There’s been a lot of debate in recent months over whether or not requiring blood draws from drunk drivers is unconstitutional. Take Minnesota for example: a recent case that went all the way to the Supreme Court ended with a ruling that requires authorities, if they want to test suspected drunk drivers, to get a warrant before they obtain urine or blood samples.
Now the Arizona Supreme Court has also made a ruling on blood draws for drunk drivers, and this time it focuses on driving under the influence (DUI) suspects who are unconscious. The ruling was a decision made because of one case where a man was found unconscious on the pavement behind his vehicle. He did regain consciousness long enough to say that the SUV belonged to him, and when he passed out again he was transported to the hospital where the police asked to have his blood drawn. Hospital employees complied with their request.
The case went all the way through the court system before landing in the Arizona Supreme Court, and it brought up the issue over whether or not it was constitutional to allow a blood draw without a warrant if the suspect was dead, unconscious, or otherwise able to give the officer permission to take it.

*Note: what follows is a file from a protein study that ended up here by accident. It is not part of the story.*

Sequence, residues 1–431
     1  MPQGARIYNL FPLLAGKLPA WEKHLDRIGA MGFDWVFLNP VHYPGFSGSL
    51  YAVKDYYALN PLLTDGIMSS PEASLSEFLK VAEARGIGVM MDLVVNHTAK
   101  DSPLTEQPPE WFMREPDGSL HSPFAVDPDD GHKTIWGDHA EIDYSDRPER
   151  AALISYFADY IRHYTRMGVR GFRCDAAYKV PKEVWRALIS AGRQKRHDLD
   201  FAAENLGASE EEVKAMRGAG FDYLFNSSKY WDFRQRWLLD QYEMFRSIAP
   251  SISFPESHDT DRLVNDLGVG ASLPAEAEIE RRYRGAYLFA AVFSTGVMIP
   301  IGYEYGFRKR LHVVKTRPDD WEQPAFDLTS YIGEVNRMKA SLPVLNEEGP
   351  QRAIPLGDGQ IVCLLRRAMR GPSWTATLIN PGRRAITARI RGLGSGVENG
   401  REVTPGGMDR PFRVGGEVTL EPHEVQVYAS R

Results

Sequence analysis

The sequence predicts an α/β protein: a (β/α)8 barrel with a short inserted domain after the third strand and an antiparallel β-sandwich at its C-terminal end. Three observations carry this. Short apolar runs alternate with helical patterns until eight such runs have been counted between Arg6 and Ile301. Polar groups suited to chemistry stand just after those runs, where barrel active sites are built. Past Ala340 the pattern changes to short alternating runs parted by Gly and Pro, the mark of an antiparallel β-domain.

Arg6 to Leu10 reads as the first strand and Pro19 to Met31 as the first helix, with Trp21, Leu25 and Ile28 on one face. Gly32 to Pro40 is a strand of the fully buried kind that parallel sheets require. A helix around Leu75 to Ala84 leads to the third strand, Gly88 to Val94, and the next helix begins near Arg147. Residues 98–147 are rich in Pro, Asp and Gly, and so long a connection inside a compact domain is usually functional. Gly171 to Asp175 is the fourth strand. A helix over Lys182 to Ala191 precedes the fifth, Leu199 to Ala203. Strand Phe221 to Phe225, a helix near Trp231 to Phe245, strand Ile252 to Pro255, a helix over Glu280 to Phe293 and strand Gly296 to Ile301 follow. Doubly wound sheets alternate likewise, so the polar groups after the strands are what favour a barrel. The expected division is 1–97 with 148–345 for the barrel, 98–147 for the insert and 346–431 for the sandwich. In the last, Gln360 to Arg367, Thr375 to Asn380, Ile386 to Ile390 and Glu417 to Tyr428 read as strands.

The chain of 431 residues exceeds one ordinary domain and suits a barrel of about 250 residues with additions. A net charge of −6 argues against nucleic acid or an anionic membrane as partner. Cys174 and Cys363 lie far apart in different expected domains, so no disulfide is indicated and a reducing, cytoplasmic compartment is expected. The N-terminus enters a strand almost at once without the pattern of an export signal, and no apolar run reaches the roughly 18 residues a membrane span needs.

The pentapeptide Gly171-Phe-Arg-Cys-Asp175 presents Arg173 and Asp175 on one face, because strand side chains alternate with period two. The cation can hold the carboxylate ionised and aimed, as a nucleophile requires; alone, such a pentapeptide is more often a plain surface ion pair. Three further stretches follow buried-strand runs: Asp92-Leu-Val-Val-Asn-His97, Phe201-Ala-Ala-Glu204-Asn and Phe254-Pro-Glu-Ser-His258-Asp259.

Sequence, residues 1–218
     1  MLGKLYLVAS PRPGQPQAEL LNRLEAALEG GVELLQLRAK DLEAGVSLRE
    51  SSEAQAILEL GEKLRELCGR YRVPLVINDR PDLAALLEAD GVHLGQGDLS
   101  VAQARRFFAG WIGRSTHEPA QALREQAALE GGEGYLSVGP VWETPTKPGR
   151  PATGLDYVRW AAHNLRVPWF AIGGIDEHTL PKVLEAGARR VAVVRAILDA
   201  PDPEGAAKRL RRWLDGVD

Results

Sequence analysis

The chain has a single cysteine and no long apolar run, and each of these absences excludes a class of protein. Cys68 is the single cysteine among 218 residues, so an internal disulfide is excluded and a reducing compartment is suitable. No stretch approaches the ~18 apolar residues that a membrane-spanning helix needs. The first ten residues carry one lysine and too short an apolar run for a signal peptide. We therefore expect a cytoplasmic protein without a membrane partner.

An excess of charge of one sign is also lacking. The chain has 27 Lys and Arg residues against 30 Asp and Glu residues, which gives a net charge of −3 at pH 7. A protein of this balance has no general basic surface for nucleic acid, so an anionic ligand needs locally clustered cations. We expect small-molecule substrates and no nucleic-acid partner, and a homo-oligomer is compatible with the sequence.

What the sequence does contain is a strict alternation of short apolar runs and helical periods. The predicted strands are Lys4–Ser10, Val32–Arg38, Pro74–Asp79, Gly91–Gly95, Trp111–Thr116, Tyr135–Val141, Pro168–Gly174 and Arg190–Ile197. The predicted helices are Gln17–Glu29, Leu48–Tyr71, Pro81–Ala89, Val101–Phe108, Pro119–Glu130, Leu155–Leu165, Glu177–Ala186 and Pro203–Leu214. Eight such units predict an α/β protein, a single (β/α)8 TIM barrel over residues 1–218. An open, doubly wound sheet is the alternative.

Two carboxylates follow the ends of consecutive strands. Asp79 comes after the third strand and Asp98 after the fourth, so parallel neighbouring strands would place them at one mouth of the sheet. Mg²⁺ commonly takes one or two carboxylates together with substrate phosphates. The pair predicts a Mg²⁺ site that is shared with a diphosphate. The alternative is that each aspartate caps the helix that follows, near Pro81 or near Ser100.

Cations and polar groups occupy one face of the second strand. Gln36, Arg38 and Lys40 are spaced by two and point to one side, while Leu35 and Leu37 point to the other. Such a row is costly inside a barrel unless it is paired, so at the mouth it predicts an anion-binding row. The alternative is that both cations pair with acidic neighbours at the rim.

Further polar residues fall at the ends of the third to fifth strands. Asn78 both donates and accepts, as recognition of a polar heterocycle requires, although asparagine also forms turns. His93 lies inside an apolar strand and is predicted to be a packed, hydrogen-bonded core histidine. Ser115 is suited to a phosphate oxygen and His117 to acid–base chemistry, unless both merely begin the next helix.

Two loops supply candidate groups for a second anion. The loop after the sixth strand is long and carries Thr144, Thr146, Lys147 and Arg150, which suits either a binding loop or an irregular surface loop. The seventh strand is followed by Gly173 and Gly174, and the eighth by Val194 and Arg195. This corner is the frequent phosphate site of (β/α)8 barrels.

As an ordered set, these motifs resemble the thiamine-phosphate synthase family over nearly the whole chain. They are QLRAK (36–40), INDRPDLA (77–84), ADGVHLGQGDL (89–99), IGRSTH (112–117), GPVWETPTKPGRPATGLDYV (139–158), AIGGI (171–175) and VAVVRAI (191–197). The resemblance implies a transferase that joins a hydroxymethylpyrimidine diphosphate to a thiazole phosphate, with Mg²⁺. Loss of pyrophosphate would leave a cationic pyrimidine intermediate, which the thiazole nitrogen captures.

In a vote of three to two they decided that police can’t take blood samples from an unconscious DUI suspect without a search warrant or unless they are facing an urgent circumstance beyond the fact that time is of the essence when it comes to taking a blood alcohol content (BAC) reading. That’s because alcohol leaves the system within two hours, so to get an accurate reading of what the BAC was at the time of the incident, police need to obtain their blood, urine, or breath evidence without delay.
Although it may seem that rulings like this one, defining the limits on taking blood draws from drunk drivers, would potentially stop police from doing their job, it actually has the opposite effect. In the long run, bringing these issues to light, setting parameters, and following the letter of the law can only help police by eliminating loopholes that these offenders can jump through to avoid prosecution, and that will take more drunk drivers off the roads.